[ saw ]
/ sɔ /


a tool or device for cutting, typically a thin blade of metal with a series of sharp teeth.
any similar tool or device, as a rotating disk, in which a sharp continuous edge replaces the teeth.

verb (used with object), sawed, sawed or sawn, saw·ing.

verb (used without object), sawed, sawed or sawn, saw·ing.

Nearby words

  1. savoy,
  2. savoy alps,
  3. savoy cabbage,
  4. savoyard,
  5. savvy,
  6. saw doctor,
  7. saw grass,
  8. saw log,
  9. saw palmetto,
  10. saw pit


    saw wood, Informal. to snore loudly while sleeping.

Origin of saw

before 1000; (noun) Middle English sawe, Old English saga, *sagu; cognate with Dutch zaag, Old Norse sǫg; akin to German Säge saw, Latin secāre to cut (see section), Old English seax knife, sax2; (v.) Middle English sawen, derivative of the noun

Related formssaw·er, nounsaw·like, adjective


[ saw ]
/ sɔ /


simple past tense of see1.


[ saw ]
/ sɔ /


a sententious saying; maxim; proverb: He could muster an old saw for every occasion.

Origin of saw

before 950; Middle English; Old English sagu; cognate with German Sage, Old Norse saga saga; akin to say1


[ see ]
/ si /

verb (used with object), saw, seen, see·ing.

verb (used without object), saw, seen, see·ing.

Verb Phrases

Origin of see

before 900; Middle English seen, Old English sēon; cognate with Dutch zien, German sehen, Old Norse sjā, Gothic saihwan

1. observe, notice, distinguish, discern, behold, regard. See watch. 5. comprehend, penetrate. 10. determine. 11. know, undergo. 18. accompany.

Related formssee·a·ble, adjectivesee·a·ble·ness, nounun·see·a·ble, adjective Unabridged Based on the Random House Unabridged Dictionary, © Random House, Inc. 2019

Examples from the Web for saw

British Dictionary definitions for saw


/ (sɔː) /


any of various hand tools for cutting wood, metal, etc, having a blade with teeth along one edge
any of various machines or devices for cutting by use of a toothed blade, such as a power-driven circular toothed wheel or toothed band of metal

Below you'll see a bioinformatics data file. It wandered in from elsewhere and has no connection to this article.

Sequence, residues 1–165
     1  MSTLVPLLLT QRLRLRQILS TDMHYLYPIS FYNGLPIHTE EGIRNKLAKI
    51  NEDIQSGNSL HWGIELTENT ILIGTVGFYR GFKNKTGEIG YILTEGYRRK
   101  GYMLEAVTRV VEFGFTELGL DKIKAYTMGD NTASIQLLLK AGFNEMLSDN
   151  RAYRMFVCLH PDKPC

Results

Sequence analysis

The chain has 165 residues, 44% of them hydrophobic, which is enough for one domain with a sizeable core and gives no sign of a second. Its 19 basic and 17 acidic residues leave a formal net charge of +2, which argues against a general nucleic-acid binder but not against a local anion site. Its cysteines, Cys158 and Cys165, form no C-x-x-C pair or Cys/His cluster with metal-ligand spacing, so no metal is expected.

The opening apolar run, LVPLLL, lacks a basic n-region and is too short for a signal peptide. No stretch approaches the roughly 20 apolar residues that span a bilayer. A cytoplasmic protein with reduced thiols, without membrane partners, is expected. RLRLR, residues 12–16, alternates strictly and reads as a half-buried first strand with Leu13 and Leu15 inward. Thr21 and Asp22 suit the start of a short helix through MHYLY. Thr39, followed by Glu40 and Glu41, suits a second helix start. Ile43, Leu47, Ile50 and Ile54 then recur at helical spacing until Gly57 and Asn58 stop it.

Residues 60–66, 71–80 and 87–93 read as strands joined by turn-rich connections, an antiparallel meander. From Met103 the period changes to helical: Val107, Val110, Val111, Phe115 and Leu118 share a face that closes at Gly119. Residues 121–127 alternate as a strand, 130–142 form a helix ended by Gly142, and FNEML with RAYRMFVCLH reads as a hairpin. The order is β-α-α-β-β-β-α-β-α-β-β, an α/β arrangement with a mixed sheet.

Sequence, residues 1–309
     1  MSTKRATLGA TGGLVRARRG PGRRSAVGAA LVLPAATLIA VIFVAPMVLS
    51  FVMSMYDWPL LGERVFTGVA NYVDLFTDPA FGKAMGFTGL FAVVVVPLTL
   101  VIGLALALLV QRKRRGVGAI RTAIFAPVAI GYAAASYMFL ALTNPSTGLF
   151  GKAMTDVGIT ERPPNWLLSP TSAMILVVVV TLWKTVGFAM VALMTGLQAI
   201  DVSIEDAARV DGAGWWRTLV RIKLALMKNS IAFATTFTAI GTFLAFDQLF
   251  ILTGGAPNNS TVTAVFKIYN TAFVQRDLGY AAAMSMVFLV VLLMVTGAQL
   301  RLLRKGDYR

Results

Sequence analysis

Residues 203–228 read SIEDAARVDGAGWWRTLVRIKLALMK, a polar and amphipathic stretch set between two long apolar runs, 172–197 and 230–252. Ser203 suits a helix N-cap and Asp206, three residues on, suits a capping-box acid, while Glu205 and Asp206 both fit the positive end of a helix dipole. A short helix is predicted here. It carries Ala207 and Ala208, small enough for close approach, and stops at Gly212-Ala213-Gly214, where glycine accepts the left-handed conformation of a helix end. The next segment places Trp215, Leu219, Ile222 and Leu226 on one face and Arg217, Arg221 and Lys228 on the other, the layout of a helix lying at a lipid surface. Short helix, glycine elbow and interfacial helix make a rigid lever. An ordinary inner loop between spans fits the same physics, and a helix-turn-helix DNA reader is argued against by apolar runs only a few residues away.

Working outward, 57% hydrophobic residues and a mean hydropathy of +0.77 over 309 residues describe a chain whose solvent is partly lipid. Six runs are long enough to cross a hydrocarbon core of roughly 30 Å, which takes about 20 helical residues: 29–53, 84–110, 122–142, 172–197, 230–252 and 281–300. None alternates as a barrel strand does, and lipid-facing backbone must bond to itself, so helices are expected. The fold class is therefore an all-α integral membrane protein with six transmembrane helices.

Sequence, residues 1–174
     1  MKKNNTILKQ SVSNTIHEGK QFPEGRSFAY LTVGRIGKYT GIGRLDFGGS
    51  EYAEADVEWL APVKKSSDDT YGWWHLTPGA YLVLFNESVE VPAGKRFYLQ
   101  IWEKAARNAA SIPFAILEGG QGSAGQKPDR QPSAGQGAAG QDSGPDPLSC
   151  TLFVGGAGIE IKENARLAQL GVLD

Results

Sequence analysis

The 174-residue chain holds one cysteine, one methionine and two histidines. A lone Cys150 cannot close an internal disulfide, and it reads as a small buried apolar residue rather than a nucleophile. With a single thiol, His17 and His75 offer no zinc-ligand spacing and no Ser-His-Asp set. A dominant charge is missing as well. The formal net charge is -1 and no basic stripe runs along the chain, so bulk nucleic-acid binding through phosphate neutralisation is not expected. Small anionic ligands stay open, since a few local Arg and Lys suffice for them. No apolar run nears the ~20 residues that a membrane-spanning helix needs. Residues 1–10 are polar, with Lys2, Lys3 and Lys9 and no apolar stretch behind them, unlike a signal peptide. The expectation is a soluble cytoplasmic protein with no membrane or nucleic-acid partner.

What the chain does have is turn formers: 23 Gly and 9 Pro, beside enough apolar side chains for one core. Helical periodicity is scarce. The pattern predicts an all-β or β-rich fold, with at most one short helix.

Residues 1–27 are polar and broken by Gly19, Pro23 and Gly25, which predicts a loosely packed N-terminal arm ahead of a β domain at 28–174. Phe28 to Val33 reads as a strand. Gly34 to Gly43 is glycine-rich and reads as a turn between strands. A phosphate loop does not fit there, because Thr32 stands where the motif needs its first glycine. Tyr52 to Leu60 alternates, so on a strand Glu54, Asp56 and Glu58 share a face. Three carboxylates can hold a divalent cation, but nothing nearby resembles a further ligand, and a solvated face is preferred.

verb saws, sawing, sawed, sawed or sawn

to cut with a saw
to form by sawing
to cut as if wielding a sawto saw the air
to move (an object) from side to side as if moving a saw
Derived Formssawer, nounsawlike, adjective

Word Origin for saw

Old English sagu; related to Old Norse sog, Old High German saga, Latin secāre to cut, secūris axe


the past tense of see 1


a wise saying, maxim, or proverb

Word Origin for saw

Old English sagu a saying; related to saga


abbreviation for

surface acoustic wave


/ (siː) /

verb sees, seeing, saw or seen

Derived Formsseeable, adjective

Word Origin for see

Old English sēon; related to Old Norse sjā, Gothic saihwan, Old Saxon sehan


/ (siː) /


the diocese of a bishop, or the place within it where his cathedral or procathedral is situatedSee also Holy See

Word Origin for see

C13: from Old French sed, from Latin sēdēs a seat; related to sedēre to sit

Collins English Dictionary - Complete & Unabridged 2012 Digital Edition © William Collins Sons & Co. Ltd. 1979, 1986 © HarperCollins Publishers 1998, 2000, 2003, 2005, 2006, 2007, 2009, 2012

Word Origin and History for saw
Online Etymology Dictionary, © 2010 Douglas Harper

Idioms and Phrases with saw


see old saw.


In addition to the idioms beginning with see

  • see about
  • see after
  • see a man about a dog
  • see beyond one's nose
  • see daylight
  • see double
  • see eye to eye
  • see fit
  • seeing is believing
  • seeing that
  • seeing things
  • see into
  • seen better days, have
  • seen one, seen them all
  • see one's way to
  • see out
  • see reason
  • see red
  • see someone off
  • see stars
  • see the back of
  • see the color of one's money
  • see the elephant
  • see the last of
  • see the light
  • see the light of day
  • see the sights
  • see things
  • see through
  • see through rose-colored glasses
  • see to
  • see with half an eye

also see:

  • as far as I can see
  • begin to see daylight
  • can't see beyond the end of one's nose
  • can't see the forest for the trees
  • I'll be seeing you
  • I see
  • let me see
  • long time no see
  • so I see
  • wait and see

Also see underseen.

The American Heritage® Idioms Dictionary Copyright © 2002, 2001, 1995 by Houghton Mifflin Harcourt Publishing Company. Published by Houghton Mifflin Harcourt Publishing Company.